Whilst I have outlined some of the shortcomings these new developments pose, it is clear that exchanges cannot be complacent and need to study ways to continue to add value and adjust and refine their services. Investors, especially institutional ones, are seeking better services for evolving methods of trading which exchanges or regulators in Asia and elsewhere must take into account.
While protecting investors and maintaining market integrity, we have to find ways to improve our platforms and functionality to offer best execution to accommodate new trading strategies in a fair manner, as well as offer efficient pre- and post-trade services in order to stay competitive.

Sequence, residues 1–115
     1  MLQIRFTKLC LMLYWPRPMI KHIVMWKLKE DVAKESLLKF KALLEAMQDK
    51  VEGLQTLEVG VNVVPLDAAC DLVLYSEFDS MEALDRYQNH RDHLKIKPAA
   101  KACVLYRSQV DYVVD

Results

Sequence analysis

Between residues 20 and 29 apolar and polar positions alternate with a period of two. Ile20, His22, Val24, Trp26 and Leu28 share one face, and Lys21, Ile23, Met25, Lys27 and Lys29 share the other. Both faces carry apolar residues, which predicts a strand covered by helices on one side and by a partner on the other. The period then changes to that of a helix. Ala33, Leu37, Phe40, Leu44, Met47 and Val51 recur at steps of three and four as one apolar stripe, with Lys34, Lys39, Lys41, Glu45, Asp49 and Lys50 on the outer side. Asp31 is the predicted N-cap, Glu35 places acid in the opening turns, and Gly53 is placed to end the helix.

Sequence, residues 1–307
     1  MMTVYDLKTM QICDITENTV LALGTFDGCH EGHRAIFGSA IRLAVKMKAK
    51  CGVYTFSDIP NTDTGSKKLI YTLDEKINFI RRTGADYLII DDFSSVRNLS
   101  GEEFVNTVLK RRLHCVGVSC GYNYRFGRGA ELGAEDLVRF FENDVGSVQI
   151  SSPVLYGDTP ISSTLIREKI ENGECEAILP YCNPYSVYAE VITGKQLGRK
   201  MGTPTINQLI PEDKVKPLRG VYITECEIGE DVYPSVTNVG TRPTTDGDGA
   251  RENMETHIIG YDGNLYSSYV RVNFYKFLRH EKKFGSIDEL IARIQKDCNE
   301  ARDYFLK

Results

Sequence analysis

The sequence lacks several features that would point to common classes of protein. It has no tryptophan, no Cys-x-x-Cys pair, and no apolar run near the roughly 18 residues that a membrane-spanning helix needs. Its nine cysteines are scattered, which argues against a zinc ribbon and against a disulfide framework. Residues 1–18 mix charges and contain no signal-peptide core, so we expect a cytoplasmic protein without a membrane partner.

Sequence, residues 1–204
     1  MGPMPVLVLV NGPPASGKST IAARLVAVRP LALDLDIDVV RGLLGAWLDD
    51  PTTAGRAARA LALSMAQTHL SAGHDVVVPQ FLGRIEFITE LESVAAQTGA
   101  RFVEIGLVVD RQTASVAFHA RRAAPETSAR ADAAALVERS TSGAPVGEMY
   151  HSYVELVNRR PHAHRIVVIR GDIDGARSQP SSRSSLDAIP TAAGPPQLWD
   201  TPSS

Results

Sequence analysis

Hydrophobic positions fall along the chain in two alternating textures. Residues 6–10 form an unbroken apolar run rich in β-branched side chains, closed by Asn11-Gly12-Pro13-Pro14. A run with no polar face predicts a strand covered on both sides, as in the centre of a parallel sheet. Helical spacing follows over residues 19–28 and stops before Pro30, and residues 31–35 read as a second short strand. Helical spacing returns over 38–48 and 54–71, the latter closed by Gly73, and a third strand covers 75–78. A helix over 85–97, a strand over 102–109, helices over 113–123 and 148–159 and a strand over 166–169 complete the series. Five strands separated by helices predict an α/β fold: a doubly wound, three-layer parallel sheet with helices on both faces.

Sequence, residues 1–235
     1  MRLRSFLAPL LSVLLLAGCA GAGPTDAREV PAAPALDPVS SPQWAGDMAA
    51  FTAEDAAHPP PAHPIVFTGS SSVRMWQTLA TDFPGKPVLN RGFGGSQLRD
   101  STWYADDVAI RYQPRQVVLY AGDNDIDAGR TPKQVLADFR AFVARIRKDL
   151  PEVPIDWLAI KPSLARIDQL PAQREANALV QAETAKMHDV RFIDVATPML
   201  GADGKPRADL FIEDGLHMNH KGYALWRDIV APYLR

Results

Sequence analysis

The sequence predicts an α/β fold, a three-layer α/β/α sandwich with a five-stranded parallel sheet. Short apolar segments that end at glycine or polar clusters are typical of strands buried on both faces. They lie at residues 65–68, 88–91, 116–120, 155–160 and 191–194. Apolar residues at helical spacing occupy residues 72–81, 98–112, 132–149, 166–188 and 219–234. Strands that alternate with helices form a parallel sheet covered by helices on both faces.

As exchanges, we are not adverse to competition. Competition is not a new phenomenon, nor is it to be feared. Global exchanges have been competing for years. Just recently we learned how NYSE Euronext is stepping up competition with the London Stock Exchange by launching a listing platform in the UK. But exchanges have also been cooperating over the years as well. Indeed the WFE, set up to discuss industry issues and share experiences, also offers its members guidance on improvements to their business standards and practices.
The WFE is not seeking to stop the growth of new trading platforms, but rather to ensure that there is a level playing field for the responsibilities assumed by all securities market order execution venues, and for more uniform rules between exchange-traded and less-regulated markets. Only then can we ensure a fair and stable trading environment and continued advancement of both developing and developed economies.